In Amarillo, there is nothing really unique as far as hotels so we just stayed somewhere inexpensive. Dinner was at the Big Texan Steakhouse which is a big tourist restaurant, but then again, we’re tourists.
In the morning, you can stop at the Cadillac Ranch before it gets too crowded. They actually encourage people to spray paint the cars which we hid from the kids until we got there. There’s nothing as fun for children as society-endorsed vandalism.
We then drove to Holbrook, Arizona and stayed at the Globetrotter Lodge which is a Route 66 motel. A lot of people stay across the street at the Wigwam motel but the TripAdvisor reviews were much better for the Globetrotter Lodge which included breakfast – and you can see the Wigwam motel right across the street to get some photos. Plus the vintage pool complete with Astroturf is a nice touch. I will note, this is a very desolate area of town (and Holbrook is not that big anyway) so we’d recommend just picking up some fast food and calling it a night once you get there.
Along the drive, we stopped at the Midpoint Café to get a photo of the half way point on Route 66. The café gets great reviews so it would have been a good breakfast stop and slice of pie, but they are only open in Summer between April and August when the classic car crowd comes through, so a picture of our family at the halfway mark was enough for us.
Next stop was Russell’s Travel Center. This is a large travel center with a great free museum of old cars (at least twenty cars from the 50’s to 70’s in vintage condition) and old memorabilia (Big Boy statues, juke boxes, Marilyn Monroe and Elvis). You’re going to need gas anyway and the museum is a great way to start your trip down Route 66. They only ask for a donation so we left a few dollars for a nice ten minute break.
Next stop is the Route 66 Monument in Tucumcari which is just a short drive off the highway. The girls had a great time climbing the monument; stretching their legs and getting some photos.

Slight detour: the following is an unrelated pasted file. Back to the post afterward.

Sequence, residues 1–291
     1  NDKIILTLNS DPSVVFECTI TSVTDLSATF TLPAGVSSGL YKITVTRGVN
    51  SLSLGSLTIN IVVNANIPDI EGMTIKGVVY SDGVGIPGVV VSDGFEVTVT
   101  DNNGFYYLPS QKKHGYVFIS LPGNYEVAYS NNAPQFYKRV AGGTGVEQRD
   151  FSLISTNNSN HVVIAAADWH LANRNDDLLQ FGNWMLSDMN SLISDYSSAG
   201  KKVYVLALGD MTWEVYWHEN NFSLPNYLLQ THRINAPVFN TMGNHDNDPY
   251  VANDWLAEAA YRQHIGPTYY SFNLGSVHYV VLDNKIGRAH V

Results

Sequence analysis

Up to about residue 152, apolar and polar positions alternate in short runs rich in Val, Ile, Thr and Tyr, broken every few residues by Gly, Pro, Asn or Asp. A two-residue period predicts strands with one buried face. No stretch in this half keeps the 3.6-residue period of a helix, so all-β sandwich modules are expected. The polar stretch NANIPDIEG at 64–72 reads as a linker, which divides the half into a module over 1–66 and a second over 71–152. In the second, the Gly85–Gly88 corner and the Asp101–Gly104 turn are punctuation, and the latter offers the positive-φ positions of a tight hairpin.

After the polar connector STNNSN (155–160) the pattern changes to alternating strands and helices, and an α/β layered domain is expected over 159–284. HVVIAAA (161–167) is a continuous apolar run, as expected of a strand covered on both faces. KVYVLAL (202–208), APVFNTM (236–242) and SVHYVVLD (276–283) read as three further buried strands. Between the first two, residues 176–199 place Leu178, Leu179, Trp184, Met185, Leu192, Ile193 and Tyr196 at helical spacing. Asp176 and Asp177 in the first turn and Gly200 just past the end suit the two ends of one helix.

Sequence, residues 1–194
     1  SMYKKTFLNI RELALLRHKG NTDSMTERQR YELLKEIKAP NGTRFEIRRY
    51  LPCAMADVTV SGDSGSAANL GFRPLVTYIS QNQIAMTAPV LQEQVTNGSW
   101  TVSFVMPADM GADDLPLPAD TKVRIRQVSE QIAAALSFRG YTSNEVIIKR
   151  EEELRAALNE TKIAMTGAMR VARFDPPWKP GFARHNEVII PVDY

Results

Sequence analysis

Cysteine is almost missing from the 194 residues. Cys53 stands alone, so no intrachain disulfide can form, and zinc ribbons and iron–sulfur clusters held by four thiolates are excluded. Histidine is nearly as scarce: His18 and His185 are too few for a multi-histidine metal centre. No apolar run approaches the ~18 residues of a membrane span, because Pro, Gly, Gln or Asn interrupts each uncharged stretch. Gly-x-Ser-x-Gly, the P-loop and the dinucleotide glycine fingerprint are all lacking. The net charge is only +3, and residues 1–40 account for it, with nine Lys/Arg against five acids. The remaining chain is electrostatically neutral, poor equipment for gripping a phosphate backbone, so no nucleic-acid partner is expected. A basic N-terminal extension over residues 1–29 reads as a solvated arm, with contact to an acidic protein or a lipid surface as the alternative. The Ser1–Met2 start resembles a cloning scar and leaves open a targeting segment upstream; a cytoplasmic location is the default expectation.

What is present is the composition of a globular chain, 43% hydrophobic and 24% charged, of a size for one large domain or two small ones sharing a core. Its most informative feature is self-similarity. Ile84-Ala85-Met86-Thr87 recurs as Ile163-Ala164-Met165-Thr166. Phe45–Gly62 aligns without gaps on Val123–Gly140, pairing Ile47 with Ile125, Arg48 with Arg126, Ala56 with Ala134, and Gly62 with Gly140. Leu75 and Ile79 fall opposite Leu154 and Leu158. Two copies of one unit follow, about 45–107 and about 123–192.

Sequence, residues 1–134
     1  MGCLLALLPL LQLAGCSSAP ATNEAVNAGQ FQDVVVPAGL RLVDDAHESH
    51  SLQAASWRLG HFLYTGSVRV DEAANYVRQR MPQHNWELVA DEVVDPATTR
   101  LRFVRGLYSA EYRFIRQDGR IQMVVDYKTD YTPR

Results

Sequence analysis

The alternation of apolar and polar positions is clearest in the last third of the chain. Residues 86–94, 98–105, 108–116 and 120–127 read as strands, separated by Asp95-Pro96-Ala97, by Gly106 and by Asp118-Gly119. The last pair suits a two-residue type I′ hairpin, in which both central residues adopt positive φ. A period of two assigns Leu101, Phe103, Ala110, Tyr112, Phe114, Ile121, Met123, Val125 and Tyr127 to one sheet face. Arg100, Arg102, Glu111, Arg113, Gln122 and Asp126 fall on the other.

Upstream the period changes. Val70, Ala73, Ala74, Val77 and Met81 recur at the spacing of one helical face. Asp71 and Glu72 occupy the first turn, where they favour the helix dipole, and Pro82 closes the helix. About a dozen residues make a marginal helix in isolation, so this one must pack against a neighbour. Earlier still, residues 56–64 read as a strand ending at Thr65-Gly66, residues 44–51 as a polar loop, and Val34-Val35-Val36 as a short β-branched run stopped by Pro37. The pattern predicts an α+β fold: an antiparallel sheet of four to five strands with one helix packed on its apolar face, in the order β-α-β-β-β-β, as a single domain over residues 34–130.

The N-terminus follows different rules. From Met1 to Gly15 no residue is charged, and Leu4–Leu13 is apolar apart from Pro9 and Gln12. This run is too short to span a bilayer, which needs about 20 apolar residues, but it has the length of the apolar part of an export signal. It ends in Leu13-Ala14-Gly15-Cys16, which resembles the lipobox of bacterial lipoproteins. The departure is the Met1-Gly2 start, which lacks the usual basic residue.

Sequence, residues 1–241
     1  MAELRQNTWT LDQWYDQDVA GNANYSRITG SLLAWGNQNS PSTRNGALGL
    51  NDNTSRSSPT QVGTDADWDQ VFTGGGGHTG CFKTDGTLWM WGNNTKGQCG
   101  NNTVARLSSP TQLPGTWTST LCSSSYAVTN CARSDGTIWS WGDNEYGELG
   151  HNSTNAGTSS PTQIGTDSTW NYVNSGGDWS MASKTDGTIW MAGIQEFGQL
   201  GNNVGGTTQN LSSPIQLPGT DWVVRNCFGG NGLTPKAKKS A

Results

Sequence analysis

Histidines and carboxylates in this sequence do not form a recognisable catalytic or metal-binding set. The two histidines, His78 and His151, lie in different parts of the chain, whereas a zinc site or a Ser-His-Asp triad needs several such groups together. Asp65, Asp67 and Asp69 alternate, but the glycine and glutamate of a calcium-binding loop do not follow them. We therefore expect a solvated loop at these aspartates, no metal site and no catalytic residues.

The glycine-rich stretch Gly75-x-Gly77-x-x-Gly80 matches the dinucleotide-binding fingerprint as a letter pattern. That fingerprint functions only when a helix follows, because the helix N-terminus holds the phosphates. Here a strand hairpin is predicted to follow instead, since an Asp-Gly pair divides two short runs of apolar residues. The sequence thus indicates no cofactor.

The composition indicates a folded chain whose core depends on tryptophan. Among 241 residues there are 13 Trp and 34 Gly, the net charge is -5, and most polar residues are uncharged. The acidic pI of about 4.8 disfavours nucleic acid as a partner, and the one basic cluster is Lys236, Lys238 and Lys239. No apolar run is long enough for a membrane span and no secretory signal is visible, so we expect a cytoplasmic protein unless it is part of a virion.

Lunch was at the 66 Diner in Albuquerque. It is five minutes from the highway but was probably the most talked about meal of our trip. The burgers are good and the fries like everything in New Mexico come topped with green chilies and cheese. Shakes are their specialty. Everything from PB&J to Caramel Apple. However, the crowd favorite was the Grasshopper. And another photo in the parking lot in front of their large wall of road signs.
Back on the road to the Indian Market which notes you’ve passed the Continental Divide. There is a gift shop of cheap jewelry, moccasins and arrow heads where you can buy the kids something small to remember the drive.
We arrived in Arizona before sunset so you can drive through the northern side of the Painted Desert. The pass lasts 24 hours, so we were able to see the area at sunset – driving around to a few of the lookouts to walk. This area is comprised of five lookouts which makes it easy to cover in an hour.
The next morning, we had a small meal at the motel and signed our daughter’s names with a Sharpie to the large Route 66 Sign attached to the motel (more sponsored vandalism). It was then a quick drive to see the southern portion of the Painted Desert which included the Blue Mesa and Petrified Forest. It only takes an hour or so to see but the pass is still active and a quick walk down into the Blue Mesa and badlands is worth your time. Note, we would recommend making this stop on your drive to the Grand Canyon and not on the way back. While it is beautiful, it will seem much smaller in comparison to what you will see later.
And for more details on surrounding areas see our full itineraries for Grand Canyon, Zion, Bryce, New Mexico/Arizona or Moab/Dunton Hot Springs or destination notes for the Sedona, Grand Canyon, Zion/Bryce Canyon, Amangiri/Slot Canyons, Route 66, Arches, Canyonlands, Carlsbad Caverns, White Sands, Tucson, Phoenix, and Albuquerque.